The vast number of customer relationship management (CRM) projects are being undertaken with little understanding of what they are trying to accomplish. As a result, observers say, billions of dollars are being squandered on process improvements that deliver short-range benefits but do little to advance organizational goals.
Some $6.8 billion will be spent this year on CRM by retail financial institutions, according to Meridien Research. Yet most of these projects will proceed without a baseline measurement of customer value, according to Tom Richards, research analyst at Meridien. Instead, organizations will justify their spending based on narrow measures of cost savings (such as shifting customers from branches to electronic channels), process improvements (such as shorter call durations) or revenue enhancements (such as cross-sell opportunities).
In an industry where products and services are virtual commodities, a strategy based on squeezing a few nickels of overhead from branch or call center operations is bound to fail. "The real challenge isn't costs. The real challenge is, how do I measure increases in customer value?" said Richards.
Ultimately, shareholder value is driven by customers, not cost reductions. The goal of CRM, experts say, is not only to attract and retain profitable customers, but also to convert marginal customers-typically the majority of customers-into profitable ones. "Unlike the case with product cost reduction, where there is a theoretical end point, the opportunity to grow profitable customer relationships is virtually limitless," noted Joe Charlebois, vice president of product management at PMG Systems, a manufacturer of profitability measurement software.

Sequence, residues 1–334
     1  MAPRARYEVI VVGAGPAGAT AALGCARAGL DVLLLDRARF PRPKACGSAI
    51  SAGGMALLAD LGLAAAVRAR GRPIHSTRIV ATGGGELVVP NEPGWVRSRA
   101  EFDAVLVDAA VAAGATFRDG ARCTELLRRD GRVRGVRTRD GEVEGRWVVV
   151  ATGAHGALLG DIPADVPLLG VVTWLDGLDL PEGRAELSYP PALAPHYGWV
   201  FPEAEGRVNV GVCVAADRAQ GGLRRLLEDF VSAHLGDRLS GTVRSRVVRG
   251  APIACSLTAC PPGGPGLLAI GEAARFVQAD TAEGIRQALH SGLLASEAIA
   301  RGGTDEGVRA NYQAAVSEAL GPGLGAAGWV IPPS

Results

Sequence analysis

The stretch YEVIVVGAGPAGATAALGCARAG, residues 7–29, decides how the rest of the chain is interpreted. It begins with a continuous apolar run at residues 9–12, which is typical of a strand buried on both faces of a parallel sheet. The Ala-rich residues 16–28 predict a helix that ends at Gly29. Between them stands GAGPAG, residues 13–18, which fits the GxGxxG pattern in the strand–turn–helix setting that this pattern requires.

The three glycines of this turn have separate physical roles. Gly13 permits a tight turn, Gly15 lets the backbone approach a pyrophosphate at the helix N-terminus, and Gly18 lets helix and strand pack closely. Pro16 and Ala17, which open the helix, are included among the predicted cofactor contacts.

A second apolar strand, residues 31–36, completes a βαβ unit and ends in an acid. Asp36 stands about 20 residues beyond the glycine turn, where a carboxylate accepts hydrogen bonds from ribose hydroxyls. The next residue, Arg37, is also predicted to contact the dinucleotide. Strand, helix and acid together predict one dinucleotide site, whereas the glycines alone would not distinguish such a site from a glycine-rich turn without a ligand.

Prerequisite to any successful CRM implementation, though, is the ability to accurately identify profitable customers, and to measure changes in profitability on an individual basis. Sandy Spring National Bank of Maryland is wrapping up a three-month project using PMG's TruABC software to analyze usage of its retail channels see story, page 56. The goal is to gain a better understanding of the relationship between costs and revenues, and thereby be able to pinpoint profitable customers, said James H. Langmead, chief financial officer at $2 billion Sandy Spring.
But for a lot of institutions, identifying profitable customers is next to impossible because back-office costs are assigned to products and services on an across-the-board or "allocated" basis, which obscures the true cost of providing services and leads to faulty decision-making.
The only way to understand a customer's true profitability is by using activity-based costing (ABC). ABC recognizes that the cost of processing a transaction, such as obtaining an account balance, is highly dependent on customer behavior (i.e., whether the customer uses the branch, telephone, ATM, or the Internet). By tracking patterns of customer usage, ABC enables firms to get a much truer sense of who their profitable customers are today, and which ones are likely to become profitable in the future.
Armed with this baseline, banks are in a position to develop programs for converting marginal customers into profitable ones by changing their behavior (such as getting them to save more). Unfortunately, too many institutions ignore the first step of CRM (developing the baseline) and focus only on the second-buying into quick-fix technology solutions and regretting the decision later. "For many, it was easier to buy CRM than to plan for it," said Meridien's Richards. "Many are still waiting for software to produce the benefits."
Some software providers are starting to get the message. e-Bank, a Columbus, Ohio-based software firm, offers a real-time, channel-independent data warehouse that provides a snapshot of a customer's entire relationship with the bank. Huntington National Bank-from which e-Bank was spun off-has used the solution to integrate 17 core legacy applications and gain a single, enterprise-wide view of the customer.
Because the platform updates all channels in real-time, customers receive accurate account information any time of the day or night. "e-Bank allows us to act upon the total picture of our customer, not just view them as separate accounts," according to Bill Randle, executive vice president at $29 billion Huntington.
e-Bank's real-time capability distinguishes it from other solutions, said Paul Jameson, president and CEO of e-Bank. "When Huntington brings down Hogan Systems for batch processing, their customers have a zero impact. We update through the day, and then we just synchronize back to them what they need to do their batch processing."